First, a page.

Impact of Duty Hour Regulations on Medical Students’ Education: Views of Key Clinical Faculty
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- Cite this article as:
- Reed, D.A., Levine, R.B., Miller, R.G. et al. J GEN INTERN MED (2008) 23: 1084. doi:10.1007/s11606-008-0532-1
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Teaching faculty have valuable perspectives on the impact of residency duty hour regulations on medical students.
The objective of this study was to elicit faculty views on the impact of residency duty hour regulations on medical students’ educational experience on inpatient medicine rotations.
DESIGN AND PARTICIPANTS
We conducted a National Survey of Key Clinical Faculty (KCF) at 40 internal medicine residency programs affiliated with U.S. medical schools using a random sample stratified by National Institutes of Health funding and program size.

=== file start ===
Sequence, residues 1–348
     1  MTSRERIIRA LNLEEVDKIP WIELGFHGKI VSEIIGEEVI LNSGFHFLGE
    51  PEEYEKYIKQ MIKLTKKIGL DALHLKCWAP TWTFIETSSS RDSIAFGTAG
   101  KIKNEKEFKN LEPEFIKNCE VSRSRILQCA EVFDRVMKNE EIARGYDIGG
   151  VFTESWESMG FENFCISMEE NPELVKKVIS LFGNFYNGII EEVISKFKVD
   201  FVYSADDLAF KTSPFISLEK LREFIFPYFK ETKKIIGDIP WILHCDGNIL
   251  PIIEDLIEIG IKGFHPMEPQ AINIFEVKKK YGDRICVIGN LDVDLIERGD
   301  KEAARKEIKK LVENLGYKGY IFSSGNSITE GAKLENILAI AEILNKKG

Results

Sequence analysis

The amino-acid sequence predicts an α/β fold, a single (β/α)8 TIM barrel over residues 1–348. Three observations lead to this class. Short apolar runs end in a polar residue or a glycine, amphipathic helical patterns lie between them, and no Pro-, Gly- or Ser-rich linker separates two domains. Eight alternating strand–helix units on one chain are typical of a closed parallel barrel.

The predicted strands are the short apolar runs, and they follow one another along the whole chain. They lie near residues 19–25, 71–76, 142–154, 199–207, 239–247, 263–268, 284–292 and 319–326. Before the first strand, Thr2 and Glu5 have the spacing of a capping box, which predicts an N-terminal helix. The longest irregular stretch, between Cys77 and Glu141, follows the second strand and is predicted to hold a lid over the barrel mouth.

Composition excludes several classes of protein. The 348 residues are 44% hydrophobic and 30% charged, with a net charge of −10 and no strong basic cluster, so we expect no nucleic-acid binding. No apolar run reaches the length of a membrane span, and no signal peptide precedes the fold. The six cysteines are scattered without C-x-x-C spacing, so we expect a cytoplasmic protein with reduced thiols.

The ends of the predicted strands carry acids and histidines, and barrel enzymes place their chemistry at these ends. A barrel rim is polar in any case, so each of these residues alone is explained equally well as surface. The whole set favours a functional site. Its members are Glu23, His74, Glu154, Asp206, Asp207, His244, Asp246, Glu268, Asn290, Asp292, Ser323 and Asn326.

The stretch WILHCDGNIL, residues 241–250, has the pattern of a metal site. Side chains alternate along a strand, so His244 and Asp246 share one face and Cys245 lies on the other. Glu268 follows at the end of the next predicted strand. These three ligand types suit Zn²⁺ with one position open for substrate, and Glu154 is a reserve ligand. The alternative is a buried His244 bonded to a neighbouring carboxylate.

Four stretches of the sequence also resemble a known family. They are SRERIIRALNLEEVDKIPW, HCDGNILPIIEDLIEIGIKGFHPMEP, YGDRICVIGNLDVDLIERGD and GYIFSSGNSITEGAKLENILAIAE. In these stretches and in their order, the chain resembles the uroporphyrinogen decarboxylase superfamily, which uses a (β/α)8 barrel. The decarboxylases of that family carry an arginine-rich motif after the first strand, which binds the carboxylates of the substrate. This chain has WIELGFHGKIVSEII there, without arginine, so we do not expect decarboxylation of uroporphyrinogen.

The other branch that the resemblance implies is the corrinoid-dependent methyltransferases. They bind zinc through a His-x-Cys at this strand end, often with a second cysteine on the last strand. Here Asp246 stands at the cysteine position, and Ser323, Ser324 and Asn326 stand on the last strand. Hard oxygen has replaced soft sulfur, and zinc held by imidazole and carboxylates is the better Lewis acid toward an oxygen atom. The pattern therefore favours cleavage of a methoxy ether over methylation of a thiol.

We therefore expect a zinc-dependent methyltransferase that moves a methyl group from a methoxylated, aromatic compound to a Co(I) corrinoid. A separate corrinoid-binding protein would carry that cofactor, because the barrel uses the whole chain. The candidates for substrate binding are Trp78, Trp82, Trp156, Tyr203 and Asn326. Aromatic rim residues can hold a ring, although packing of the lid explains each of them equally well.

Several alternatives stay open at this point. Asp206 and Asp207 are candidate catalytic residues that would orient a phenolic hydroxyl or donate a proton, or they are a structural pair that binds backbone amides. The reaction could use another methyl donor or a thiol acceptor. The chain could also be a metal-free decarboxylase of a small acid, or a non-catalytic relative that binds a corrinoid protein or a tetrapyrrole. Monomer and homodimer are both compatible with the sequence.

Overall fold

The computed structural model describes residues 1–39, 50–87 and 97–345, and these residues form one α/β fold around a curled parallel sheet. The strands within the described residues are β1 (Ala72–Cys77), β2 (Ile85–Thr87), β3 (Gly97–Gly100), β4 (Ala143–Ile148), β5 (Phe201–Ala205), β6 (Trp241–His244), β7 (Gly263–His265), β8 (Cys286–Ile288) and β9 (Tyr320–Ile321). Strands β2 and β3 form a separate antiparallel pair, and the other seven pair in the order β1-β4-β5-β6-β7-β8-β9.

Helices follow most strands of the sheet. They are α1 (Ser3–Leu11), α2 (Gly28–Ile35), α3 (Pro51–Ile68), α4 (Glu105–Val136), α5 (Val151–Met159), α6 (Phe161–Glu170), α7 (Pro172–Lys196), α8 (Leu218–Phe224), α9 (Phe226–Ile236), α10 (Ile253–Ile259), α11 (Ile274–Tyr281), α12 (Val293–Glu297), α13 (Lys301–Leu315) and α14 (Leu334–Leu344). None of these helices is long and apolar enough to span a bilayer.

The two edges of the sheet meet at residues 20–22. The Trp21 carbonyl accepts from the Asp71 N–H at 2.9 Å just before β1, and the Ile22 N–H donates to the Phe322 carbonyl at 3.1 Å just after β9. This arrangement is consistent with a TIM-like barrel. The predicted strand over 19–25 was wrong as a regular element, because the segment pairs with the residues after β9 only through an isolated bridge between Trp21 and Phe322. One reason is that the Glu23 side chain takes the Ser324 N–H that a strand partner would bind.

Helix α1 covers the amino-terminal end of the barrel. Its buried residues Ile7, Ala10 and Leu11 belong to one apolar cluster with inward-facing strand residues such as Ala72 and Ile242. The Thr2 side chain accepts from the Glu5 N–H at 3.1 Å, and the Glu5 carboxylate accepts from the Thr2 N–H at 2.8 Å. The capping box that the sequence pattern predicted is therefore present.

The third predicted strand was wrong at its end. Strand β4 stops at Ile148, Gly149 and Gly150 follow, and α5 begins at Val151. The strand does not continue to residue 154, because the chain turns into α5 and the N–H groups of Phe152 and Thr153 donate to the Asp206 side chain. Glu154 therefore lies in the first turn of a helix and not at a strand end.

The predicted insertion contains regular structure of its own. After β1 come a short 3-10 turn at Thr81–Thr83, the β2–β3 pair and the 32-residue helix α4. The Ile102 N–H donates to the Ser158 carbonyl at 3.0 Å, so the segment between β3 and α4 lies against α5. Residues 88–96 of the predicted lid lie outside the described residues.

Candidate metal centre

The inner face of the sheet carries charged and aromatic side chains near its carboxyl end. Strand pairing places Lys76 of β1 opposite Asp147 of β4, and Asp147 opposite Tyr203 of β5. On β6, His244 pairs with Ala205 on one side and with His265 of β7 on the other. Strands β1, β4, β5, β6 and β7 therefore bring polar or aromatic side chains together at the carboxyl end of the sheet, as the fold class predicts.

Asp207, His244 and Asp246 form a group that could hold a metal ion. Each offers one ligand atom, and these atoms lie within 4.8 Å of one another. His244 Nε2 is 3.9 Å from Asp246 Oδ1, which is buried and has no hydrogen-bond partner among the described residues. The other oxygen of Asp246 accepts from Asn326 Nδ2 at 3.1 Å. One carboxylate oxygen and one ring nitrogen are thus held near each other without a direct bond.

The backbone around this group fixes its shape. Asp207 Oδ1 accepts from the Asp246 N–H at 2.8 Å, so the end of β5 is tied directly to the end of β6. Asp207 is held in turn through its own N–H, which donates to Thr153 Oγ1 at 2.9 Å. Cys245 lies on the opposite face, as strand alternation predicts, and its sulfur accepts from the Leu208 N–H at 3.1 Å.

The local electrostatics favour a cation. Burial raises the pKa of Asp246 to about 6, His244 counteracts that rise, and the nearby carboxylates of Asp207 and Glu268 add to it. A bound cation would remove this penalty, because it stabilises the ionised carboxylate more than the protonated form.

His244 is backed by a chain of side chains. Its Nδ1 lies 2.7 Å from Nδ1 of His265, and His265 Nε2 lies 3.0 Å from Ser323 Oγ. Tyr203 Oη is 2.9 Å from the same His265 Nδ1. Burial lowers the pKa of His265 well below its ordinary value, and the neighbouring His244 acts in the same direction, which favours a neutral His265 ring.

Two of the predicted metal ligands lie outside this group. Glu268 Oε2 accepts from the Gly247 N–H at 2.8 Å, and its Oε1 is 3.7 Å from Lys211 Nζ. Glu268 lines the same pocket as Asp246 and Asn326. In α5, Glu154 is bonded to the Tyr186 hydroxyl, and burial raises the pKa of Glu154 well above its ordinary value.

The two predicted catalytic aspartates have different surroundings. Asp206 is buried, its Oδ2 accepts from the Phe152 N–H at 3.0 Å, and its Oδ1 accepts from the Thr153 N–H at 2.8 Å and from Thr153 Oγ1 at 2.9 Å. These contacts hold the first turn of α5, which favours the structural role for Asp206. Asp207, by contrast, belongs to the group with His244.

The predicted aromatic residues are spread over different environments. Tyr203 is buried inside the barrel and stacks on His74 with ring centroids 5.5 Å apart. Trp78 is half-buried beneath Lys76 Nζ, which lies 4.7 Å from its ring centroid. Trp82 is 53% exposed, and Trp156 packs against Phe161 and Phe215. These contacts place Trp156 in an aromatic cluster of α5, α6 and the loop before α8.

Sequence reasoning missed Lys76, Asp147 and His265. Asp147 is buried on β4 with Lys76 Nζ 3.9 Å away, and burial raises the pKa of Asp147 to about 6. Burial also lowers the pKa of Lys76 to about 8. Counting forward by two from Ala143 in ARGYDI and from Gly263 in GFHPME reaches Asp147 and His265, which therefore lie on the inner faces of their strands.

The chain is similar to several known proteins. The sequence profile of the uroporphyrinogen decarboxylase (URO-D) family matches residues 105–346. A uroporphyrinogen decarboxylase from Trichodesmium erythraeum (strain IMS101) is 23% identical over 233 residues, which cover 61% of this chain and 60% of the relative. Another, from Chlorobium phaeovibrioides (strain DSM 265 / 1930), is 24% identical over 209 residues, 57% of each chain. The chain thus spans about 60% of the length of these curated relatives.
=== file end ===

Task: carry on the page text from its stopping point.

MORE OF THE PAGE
This study measures KCF opinions on the effect of duty hour regulations on students’ education.
Of 154 KCF targeted, 111 responded (72%). Fifty-two percent of KCF reported worsening in the overall quality of students’ education compared to just 2.7% reporting improvement (p < 0.001). In multivariate analysis adjusted for gender, academic rank, specialty, and years of teaching experience, faculty who spent ≥15 hours per week teaching were more likely to report worsening in medical students’ level of responsibility on inpatient teams [odds ratio (OR) 3.1; 95% confidence interval (CI) 1.3–7.6], ability to follow patients throughout hospitalization (OR 3.2; 95% CI 1.3–7.9), ability to develop working relationships with residents (OR 2.3; 95% CI 1.0–5.2), and the overall quality of students’ education (OR 3.3; 95% CI 1.4–8.1) compared to faculty who spent less time teaching.
Key clincal faculty report concerns about the impact of duty hour regulations on aspects of medical students’ education in internal medicine. Medical schools and residency programs should identify ways to ensure optimal educational experiences for students within duty hour requirements.